Wildfires raging in the western U.S. are emitting smoke traveling to communities that are far from the flames, producing dangerous air for days or weeks at a time. So many people are wondering what all that smoke that's been inhaled does to our bodies.

Wildfire smoke
(Photo : Getty Images)

Wildfire Smoke 

Wildfire smoke is a combination of chemicals and small particles that are tiny enough to escape from the defenses the body makes and affect the lungs directly. But this damage may not come to an end there.

Environmental toxicologists have been carrying out investigations on the health effects wildfire smoke has on humans, including on some body parts that you least expect: sperm and the brain.

Because of the large number of people presently taking in wildfire smoke every summer - numbers could possibly rise as wildfire conditions get worse in a warming world - it's crucial to be aware of how wildfire smoke can cause harm to your body and how to keep yourself protected.

Also Read: Inhaling Toxic Wildfire Smoke Increases Your Risk of Dying From COVID-19

Air Pollution  

Urban air pollution possessing a slightly distinct chemical profile than wildfire smoke has already been connected to harmful effects on the male reproductive system. 

Studies have revealed how air pollution coming from sources including automobile exhaust and industrial stacks can affect the shape of sperm, their swimming ability, and the genetic material they contain. Although, few studies have examined wildfire smoke as an independent origin of toxicity.

A recent study discovered that baby rats given birth by parents that had taken in wood smoke could end up having cognitive and behavioral issues.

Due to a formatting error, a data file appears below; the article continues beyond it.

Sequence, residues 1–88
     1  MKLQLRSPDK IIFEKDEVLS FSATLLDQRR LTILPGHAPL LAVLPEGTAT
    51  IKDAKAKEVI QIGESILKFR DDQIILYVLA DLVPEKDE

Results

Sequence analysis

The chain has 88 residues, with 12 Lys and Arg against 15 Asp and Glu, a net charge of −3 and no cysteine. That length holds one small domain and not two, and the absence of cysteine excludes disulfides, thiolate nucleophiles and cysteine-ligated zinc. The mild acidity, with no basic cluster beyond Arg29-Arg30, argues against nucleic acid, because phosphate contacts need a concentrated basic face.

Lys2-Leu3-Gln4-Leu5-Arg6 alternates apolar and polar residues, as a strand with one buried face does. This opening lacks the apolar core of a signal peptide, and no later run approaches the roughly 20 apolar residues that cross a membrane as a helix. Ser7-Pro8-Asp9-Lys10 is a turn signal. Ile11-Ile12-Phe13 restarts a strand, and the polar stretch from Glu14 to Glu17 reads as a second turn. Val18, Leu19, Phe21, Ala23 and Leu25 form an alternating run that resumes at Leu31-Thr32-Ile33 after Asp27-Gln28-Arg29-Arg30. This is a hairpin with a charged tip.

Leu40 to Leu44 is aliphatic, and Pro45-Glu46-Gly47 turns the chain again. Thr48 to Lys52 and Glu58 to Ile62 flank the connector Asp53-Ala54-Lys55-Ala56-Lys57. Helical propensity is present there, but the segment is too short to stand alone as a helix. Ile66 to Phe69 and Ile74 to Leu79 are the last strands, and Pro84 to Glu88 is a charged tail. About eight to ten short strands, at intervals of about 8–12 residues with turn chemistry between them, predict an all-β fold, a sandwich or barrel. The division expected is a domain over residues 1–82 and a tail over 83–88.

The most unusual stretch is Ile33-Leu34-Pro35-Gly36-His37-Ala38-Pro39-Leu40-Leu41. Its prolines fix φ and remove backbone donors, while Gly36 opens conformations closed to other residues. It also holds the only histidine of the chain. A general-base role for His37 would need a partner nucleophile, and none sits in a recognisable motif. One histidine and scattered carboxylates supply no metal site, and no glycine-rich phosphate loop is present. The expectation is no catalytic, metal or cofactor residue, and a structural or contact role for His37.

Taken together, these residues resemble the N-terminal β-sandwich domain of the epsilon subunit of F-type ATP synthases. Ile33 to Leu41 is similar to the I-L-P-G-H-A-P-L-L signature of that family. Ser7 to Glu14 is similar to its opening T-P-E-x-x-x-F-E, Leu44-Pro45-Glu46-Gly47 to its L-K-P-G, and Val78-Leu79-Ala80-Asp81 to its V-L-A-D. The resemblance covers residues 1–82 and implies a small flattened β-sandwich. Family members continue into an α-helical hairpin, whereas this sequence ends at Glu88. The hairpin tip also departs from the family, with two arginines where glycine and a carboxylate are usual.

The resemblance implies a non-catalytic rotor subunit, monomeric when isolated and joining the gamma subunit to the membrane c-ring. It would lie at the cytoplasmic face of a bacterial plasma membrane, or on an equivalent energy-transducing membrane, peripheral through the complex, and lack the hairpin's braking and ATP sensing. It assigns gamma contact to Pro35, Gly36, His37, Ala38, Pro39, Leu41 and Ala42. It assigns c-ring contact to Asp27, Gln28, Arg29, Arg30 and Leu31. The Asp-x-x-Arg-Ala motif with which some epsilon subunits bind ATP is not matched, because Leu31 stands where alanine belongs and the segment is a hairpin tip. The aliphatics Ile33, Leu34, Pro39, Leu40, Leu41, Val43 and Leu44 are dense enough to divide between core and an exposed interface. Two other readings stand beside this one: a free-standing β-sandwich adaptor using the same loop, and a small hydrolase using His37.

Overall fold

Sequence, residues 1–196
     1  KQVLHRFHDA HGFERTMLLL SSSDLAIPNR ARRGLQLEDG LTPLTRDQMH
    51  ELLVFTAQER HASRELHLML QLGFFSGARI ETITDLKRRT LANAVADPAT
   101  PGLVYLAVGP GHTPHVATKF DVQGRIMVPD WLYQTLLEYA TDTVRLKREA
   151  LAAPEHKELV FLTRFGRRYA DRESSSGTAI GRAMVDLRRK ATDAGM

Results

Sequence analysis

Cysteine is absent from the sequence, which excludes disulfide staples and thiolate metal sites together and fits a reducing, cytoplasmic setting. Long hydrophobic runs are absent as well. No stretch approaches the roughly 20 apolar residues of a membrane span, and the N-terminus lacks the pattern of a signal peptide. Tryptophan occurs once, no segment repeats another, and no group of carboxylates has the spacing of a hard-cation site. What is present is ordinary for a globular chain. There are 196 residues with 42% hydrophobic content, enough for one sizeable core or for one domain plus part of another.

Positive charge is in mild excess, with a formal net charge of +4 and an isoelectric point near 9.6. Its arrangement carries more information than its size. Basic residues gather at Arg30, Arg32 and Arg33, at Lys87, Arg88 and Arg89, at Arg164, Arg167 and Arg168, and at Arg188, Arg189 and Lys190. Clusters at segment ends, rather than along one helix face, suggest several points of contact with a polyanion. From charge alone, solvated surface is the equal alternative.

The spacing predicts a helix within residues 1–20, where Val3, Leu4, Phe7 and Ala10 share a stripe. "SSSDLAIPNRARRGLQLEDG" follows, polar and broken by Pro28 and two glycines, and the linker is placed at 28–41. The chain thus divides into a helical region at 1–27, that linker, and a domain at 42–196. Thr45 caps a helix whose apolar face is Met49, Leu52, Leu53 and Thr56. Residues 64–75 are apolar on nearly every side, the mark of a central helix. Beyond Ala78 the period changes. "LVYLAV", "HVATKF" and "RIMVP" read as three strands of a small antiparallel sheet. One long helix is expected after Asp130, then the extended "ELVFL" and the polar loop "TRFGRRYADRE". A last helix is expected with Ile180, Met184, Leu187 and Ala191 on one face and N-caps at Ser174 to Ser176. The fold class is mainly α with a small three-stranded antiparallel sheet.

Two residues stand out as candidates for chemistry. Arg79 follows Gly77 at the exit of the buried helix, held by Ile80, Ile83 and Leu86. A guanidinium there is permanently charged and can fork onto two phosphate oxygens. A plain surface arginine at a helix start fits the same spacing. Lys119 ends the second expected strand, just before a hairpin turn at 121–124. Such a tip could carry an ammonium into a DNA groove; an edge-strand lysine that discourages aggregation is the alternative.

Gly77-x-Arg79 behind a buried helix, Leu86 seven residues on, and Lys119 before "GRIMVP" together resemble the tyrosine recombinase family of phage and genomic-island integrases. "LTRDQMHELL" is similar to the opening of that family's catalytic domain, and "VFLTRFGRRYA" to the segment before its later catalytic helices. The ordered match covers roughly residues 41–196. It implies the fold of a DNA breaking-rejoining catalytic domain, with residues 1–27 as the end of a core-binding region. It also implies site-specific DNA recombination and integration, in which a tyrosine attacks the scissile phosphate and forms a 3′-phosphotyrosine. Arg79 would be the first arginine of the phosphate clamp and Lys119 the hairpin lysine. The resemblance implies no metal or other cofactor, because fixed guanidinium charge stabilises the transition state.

That prompted a team of researchers at Boise State University, in partnership with Northeastern University's researchers, to take a closer look at what happens to mice sperm that are exposed to wildfire smoke.

Man in wildfire smoke
(Photo : Getty Images)

The Shocking Discovery

The aim of the researchers was to find little changes at the cellular level that might reveal to them how negative effects could be transferred from parents to their offspring. Apparently, mice are animals and not humans, but damage to their systems can bring to light hints about possible harm to the system of humans.

The researchers faked a wildland fire in the lab by setting Douglas fir needles on fire and selected a smoke exposure amount almost the same as what a wildland firefighter that the been serving for 15 years would experience. They discovered that this exposure in a mouse caused alterations in sperm DNA methylation

Scientists were amazed to discover that the effects of wood smoke were almost the same as the effects of cannabis and cigarette smoke exposure on sperm. Lots of additional work is still required to know if and how these sperm changes affect the progeny they produce, and what effect it has on humans. 

Related Article: Mega-clouds of Distant Wildfire Smoke Can Still Affect One's Health, Here's How

For more news, updates about wildfire smoke and similar topics don't forget to follow Nature World News!